From T. rex to hummingbird
For the past dozen or so years, a never-ending stream of sensational headlines has kept us abreast of breathtaking discoveries in China of dinosaur fossils bristling with fossil feathers. Ever since Thomas Huxley proposed in 1868 that birds descended from dinosaurs, evolutionists have generally adopted his theory. The discoveries coming out of the "Great Chinese Feather Factory" have been jumped on as vindication of this theory, with one famed proponent of the hypothesis, Luis Chiappe, going so far as to say,
There is no longer reasonable scientific doubt that birds evolved from small theropod (carnivorous) dinosaurs sometime during or shortly before the Middle to Late Jurassic, over 150 million years ago.1
Now I for one would be delighted to see all doubts as to the reality of bird-like dinosaurs (or dinosaur-like birds) demolished, and the existence of such a family established with utter certainty. I mean, wow! Who would ever have imagined that even the Grand Designer could come up with a group of creature that shares features with both zipping hummingbirds and savage, flesh-ripping T. rexes? It appears that He may have done just that. If you haven't seen it, you need to beg, borrow or. well. no, not steal, a copy of Feathered Dinosaurs: the Origin of Birds written by John Long and brilliantly illustrated by reconstruction artist, Peter Schouten. If even half accurate, the illustrations demonstrate the infinite inventive genius of God's mind. The only way anybody could possibly embrace the notion that sparrows shared their nativity nest with flesh-ripping dinosaurs is if they are already fully convinced of the truth of evolution. By contrast, dinosaur-birds in no way embarrass creationists any more than egg-laying platypuses or fish with lungs do. In them we see yet more evidence of the raw cerebral power of the Lord God who made them all!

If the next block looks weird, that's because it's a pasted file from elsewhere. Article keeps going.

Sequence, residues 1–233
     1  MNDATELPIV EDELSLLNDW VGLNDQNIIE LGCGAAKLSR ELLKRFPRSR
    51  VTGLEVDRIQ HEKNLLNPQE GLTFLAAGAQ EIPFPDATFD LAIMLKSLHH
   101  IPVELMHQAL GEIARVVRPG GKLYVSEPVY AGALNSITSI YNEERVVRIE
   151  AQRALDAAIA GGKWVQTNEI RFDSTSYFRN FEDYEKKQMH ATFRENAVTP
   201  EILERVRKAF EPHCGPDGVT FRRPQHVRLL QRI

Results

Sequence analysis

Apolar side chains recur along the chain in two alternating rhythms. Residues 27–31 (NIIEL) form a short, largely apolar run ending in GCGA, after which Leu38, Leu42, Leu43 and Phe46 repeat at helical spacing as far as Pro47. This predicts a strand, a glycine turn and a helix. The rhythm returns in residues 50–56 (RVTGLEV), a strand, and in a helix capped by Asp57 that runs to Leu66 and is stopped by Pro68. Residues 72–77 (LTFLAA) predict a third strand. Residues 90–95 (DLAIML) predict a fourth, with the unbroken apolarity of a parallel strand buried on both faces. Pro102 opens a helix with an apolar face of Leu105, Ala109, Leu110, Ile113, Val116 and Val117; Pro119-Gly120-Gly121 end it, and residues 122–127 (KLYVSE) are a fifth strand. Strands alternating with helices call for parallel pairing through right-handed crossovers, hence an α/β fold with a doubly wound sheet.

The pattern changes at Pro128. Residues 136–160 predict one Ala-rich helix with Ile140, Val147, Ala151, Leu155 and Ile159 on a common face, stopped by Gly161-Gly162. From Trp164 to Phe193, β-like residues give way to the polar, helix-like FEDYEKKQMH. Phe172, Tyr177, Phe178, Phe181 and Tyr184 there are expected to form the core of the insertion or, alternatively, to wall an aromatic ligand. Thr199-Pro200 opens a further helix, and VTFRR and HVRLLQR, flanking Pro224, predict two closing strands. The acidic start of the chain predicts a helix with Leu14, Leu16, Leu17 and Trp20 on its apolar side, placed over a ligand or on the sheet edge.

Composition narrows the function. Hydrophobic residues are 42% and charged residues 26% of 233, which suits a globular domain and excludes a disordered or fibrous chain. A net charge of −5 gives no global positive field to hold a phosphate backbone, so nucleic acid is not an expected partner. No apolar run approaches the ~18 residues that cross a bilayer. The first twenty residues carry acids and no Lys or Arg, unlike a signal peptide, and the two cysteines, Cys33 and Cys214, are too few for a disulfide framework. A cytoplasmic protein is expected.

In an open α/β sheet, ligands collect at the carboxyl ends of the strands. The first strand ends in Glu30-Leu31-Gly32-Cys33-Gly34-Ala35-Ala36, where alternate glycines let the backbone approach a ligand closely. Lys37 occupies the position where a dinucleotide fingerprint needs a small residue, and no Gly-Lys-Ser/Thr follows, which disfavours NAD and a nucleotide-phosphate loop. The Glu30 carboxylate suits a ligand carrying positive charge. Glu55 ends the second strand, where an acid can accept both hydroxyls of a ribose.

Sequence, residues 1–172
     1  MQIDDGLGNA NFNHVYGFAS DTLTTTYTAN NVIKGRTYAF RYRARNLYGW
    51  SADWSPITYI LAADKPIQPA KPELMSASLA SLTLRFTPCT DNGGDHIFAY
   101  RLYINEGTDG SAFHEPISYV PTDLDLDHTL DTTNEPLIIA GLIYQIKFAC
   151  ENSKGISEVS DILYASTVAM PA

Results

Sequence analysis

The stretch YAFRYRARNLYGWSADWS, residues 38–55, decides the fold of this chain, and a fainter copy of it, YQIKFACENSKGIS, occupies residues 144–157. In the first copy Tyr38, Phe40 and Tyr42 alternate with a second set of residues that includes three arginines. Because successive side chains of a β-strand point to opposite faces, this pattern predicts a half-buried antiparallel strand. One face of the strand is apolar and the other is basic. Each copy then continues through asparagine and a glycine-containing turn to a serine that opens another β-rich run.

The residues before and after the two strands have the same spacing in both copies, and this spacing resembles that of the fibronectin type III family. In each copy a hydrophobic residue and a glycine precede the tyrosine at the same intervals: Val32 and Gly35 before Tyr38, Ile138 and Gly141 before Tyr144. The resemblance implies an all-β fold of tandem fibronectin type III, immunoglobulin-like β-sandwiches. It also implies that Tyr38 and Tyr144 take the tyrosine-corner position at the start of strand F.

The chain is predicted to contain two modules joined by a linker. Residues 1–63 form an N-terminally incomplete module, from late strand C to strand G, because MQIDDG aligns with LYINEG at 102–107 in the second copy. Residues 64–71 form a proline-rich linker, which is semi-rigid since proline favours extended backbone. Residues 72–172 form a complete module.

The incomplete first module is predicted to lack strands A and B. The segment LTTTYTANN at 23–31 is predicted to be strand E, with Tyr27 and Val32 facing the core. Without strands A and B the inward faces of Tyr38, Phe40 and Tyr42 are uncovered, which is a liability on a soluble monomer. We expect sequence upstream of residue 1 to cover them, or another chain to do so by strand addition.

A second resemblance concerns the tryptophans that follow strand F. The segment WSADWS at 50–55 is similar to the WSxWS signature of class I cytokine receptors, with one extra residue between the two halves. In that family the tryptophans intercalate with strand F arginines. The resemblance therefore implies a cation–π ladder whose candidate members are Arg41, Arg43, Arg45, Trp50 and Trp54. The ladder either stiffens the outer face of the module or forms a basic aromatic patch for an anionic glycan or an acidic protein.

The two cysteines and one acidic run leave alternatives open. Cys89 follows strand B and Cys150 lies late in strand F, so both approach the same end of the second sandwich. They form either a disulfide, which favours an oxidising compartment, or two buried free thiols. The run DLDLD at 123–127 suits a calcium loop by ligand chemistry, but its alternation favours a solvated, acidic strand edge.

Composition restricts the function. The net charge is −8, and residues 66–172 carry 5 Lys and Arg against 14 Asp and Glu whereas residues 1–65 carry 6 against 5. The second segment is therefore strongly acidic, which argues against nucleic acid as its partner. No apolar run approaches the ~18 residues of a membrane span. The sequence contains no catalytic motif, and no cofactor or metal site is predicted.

But does the evidence from China actually support the notion that birds really did evolve from dinosaurs? If you already "know" evolution is true, then it probably does. Fact is, if you look at the evidence dispassionately, all you can properly conclude is that way back in time these bizarre creatures actually existed. In fact, if you take the evidence as it stands, you would be more justified in believing that carnivorous dinosaurs evolved from birds! Read on.
Over the decades no question of evolutionary relationships has preoccupied evolutionists more than the highly contentious question of the origin of birds. You can see for yourself just how all-consuming this issue has been by doing a Google Scholar search on the exact phrase "origin and evolution of" followed by various referents. "Birds" tops the list with 606 results, followed by "man" coming in at a mere 225 results. See the list below for other results.
Proponents of the dinosaur-to-bird scheme note that birds and "advanced theropod dinosaurs" share about 100 anatomical similarities. Leaving aside feathers, chief among these similarities are "hollow bones, furculae ('wishbones'), and avian patterns of eggshell ultrastructure". 2
But numerous shared features can be found between almost any two groups of living things! Dinosaur-to-bird advocates don't want us to know that alternative scholarly views of the origin and relationships of birds even exist, let alone that they have good evidential support. In 1984, Philippe Janvier published an article supporting the generally discredited view that birds are a sister group to mammals; the two groups share, among other things, "endothermy, fully divided
heart, respiratory turbinates, and… nerve and vascular characters". (See pic at top of page for Janvier's conception of the common ancestor of the two groups.)